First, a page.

If you had the chance to play Canvas Curse on the DS, then you will be right at home with Rainbow Curse. The player uses the stylus to draw rainbow lines which guide our heroic pink puffball around each stage, while tapping him to speed up and/or take down enemies. For each 100 stars collected within a level, a “star dash” is made available; the player taps on Kirby and holds for a few seconds, then releases to have Kirby launch to take out enemies and specific walls. Finally, the player has a set amount of life bars – which can be filled back up by food or drink – that, once depleted, make the player lose a life. The mechanics are simple, but still manage to be somewhat deep.
Rainbow Curse can be played solo or with four players total. When playing multiplayer, the first player uses the GamePad to direct Kirby around the level, while the other players use the TV to run around each level (since they don’t seem to curl up like Kirby does, for some reason). Multiplayer is fun, and works well enough.
Each regular level holds five treasure chests to be discovered, which contain rather neat clay statues of characters that can be viewed in the Figurine Showcase, and have the option of earning a bronze, silver, or gold medal. The medal earned at the end of each level depends on how many stars were collected. These collectibles/achievements serve well to extend gameplay without being too much; there isn’t an overload of collectibles to be obtained. One final type of collectible are pages from the Secret Diary that are obtained at the end of each regular level by having Kirby roll into them in a spinning selection wheel. The pages are fun to look at, featuring nice little animations and diary excerpts from Elline.
Within each world, there are three levels and a boss battle to be completed. This is where Rainbow Curse does not improve upon its predecessor: bosses are rehashed and reused. The player will fight bosses more than once, with the boss having undergone a slight skin change. The boss battles could’ve been very creative and memorable, but instead, they end up being somewhat cheap and easily forgettable. The character designs are fine, but the fact that they are re-used is a let down.
In addition to Story Mode, there are many challenges to try out as well. Much like the regular levels in Story Mode, each challenge offers a consolation prize or a bronze, silver, or gold medal as a reward. How fast the player completes the challenge affects which prize is earned. The challenges themselves are ok, though they could’ve used some more creativity; essentially, they boil down to “collect everything within a certain time period.” Challenges ended up feeling tacked on and more of a grind than anything.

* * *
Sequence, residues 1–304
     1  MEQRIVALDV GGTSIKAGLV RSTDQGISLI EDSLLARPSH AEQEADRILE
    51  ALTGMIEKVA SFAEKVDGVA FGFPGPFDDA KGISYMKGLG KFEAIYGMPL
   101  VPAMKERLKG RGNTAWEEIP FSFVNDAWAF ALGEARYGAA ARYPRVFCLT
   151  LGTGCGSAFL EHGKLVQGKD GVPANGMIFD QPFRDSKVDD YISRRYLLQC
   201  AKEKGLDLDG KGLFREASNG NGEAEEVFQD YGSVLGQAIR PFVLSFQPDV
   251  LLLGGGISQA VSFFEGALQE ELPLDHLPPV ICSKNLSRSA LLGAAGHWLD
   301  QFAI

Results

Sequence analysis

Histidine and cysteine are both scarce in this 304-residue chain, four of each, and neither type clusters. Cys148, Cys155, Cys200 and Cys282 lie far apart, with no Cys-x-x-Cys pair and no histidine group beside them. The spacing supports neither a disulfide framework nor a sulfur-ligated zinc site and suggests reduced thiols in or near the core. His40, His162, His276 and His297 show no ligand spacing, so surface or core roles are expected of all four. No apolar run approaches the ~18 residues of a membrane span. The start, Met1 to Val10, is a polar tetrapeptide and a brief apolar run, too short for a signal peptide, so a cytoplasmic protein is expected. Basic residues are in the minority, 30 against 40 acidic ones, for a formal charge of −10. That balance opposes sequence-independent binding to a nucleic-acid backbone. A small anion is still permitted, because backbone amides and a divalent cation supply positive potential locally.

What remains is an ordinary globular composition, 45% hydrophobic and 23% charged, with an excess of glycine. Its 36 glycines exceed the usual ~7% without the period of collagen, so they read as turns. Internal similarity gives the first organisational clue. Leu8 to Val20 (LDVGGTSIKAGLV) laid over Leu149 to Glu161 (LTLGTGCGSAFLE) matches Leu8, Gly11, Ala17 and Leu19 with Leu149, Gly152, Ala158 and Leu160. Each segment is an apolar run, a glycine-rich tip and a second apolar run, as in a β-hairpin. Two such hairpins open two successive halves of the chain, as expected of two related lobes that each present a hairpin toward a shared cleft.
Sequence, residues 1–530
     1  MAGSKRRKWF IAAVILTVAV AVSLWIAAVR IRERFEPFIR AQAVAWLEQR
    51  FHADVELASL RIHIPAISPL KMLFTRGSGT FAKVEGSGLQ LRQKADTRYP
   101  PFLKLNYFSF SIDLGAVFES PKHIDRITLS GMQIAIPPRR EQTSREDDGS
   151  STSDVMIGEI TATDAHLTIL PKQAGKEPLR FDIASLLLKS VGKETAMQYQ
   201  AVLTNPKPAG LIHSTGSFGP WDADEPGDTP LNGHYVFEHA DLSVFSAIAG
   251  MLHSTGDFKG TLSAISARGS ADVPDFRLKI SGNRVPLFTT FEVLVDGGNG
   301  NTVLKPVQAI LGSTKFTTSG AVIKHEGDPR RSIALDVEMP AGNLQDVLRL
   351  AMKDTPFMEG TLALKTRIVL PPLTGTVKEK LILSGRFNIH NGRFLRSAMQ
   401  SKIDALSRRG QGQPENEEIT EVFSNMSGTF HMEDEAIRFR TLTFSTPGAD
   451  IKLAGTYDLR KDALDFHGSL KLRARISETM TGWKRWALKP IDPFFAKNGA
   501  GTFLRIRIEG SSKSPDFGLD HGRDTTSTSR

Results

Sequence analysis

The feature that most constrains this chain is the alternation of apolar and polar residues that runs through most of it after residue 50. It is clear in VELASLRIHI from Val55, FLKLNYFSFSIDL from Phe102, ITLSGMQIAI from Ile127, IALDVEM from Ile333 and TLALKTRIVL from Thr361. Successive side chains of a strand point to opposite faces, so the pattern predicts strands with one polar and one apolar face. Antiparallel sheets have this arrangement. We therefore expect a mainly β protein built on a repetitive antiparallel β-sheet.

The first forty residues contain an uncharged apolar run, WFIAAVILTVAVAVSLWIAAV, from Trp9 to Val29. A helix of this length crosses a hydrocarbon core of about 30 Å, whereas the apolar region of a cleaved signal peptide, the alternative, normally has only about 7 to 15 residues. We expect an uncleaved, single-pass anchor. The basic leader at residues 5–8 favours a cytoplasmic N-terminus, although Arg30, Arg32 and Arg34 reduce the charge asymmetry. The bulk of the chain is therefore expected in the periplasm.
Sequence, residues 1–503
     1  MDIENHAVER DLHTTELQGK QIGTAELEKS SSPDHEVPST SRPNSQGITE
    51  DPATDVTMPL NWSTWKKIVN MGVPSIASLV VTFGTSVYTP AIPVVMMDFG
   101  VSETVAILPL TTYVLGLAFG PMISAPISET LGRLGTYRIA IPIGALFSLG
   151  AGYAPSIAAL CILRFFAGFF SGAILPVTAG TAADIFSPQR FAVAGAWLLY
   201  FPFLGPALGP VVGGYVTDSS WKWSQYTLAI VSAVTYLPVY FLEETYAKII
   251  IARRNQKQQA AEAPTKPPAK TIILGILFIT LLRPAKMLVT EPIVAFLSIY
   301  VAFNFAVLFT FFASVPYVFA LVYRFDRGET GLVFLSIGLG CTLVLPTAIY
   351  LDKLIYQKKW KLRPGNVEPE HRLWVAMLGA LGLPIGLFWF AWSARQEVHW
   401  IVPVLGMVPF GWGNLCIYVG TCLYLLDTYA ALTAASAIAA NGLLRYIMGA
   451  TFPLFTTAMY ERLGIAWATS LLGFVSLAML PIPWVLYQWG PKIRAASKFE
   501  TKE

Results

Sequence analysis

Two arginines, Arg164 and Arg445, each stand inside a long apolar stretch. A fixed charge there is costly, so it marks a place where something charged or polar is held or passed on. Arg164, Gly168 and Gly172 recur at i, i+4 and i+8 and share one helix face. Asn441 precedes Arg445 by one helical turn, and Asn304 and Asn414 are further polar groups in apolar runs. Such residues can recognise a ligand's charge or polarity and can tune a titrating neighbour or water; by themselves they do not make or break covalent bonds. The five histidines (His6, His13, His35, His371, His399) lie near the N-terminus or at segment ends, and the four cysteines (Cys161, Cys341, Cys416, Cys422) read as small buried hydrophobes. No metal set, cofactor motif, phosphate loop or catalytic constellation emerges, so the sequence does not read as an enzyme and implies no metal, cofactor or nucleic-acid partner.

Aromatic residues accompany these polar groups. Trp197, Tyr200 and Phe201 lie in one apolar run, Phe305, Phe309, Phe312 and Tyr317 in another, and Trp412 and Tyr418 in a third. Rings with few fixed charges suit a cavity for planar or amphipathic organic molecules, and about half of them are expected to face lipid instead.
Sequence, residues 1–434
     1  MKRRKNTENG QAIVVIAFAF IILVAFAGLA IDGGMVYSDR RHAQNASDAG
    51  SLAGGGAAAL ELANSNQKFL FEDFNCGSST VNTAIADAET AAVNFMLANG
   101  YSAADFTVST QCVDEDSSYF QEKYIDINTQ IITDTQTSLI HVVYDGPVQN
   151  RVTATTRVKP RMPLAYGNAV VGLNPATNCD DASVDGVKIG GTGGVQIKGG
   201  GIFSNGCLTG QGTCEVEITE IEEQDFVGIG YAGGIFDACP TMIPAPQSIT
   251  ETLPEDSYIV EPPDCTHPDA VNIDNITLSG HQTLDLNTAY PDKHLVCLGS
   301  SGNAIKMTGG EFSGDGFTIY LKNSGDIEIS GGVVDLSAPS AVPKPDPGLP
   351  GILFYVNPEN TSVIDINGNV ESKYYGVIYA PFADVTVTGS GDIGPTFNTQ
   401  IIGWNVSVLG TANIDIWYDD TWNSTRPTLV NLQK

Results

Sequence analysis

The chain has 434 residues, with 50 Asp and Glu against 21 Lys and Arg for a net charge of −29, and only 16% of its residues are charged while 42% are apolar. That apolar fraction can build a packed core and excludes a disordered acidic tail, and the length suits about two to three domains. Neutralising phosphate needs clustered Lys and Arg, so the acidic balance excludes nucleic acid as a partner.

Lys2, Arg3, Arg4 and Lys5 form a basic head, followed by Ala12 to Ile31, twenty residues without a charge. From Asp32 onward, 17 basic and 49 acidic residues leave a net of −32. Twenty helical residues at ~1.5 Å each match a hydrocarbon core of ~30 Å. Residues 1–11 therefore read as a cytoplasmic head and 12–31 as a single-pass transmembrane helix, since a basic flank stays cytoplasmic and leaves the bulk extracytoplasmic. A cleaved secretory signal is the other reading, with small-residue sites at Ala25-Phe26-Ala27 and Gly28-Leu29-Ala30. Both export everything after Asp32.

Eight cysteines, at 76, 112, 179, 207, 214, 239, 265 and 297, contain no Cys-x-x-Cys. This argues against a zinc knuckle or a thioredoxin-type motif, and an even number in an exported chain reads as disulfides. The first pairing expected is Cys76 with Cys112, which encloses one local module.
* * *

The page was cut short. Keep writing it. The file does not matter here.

What I found to be one of my favorite aspects of the gameplay were the transformation levels. Kirby turns into either a tank, submarine, or rocket; each having its own unique gameplay mechanics, and adding some fun levels into the mix. These levels were all incredibly fun, designed nicely, and help to create variety in the level designs. The transformation levels helped to get past the lack of interactivity with the environment, which I think was a missed opportunity. As stated before, I would’ve liked to have more puzzles and visual/gameplay interactivity like Kirby Epic Yarn.
Overall, the gameplay in Rainbow Curse isn’t anything new when compared to Canvas Curse, but that isn’t necessarily a bad thing. The few hiccups – such as boss battles, challenges, and lack of environment interactivity – do not affect the game too much; Kirby is still fun to play.
Entertainment Factor – 8.5/10
To put it simply, I had tons of fun with Rainbow Curse. At the time of this writing, I have put in almost 15 hours of gameplay with some collectibles left to be obtained. Rainbow Curse isn’t incredibly difficult, but it isn’t a pushover either. The difficulty curve steepens by World 4, and some levels require your developed skills up to that point. The gameplay felt just right for this title, making it accessible to all ages, but difficult to master completely.
As far as story goes, Kirby and his buddies are suddenly attacked by some menacing hands sucking the color and life out of Dream Land. Luckily, Elline paints Kirby and Waddle Dee back to life so that they can head to her world and save the day. There isn’t much story told again until the final act of Story Mode, which is a bit sad, since the cutscenes are so well done (I had a good chuckle at Kirby’s interaction with an apple at the beginning of the game). The gameplay does make up for the lack of story told, but I would’ve liked more story, personally.
Finally, the usage of the GamePad is well done. One of the drawbacks is that the player cannot really focus on the TV, which is much prettier than the GamePad, but the gameplay more than makes up for it. The game is played entirely with the touch screen and offers a fun way to experience Kirby. I’m glad that this title will be able to give gamers who didn’t have a chance to play Canvas Curse another opportunity to test the gameplay. It’s unique, fun, and (for the most part) well implemented.
So, is Kirby and the Rainbow Curse worth your time and money? I believe so; outstanding art direction, nicely done audio, unique gameplay, and solid mechanics make this title a nice addition to a Wii U library. The flaws in the title are usually hiccups, with the focus being solely on the GamePad being the only big drawback. But, even that is a overshadowed by outstanding gameplay. I recommend Kirby and the Rainbow Curse, which is available right now for $39.99.
Overall – 8.4/10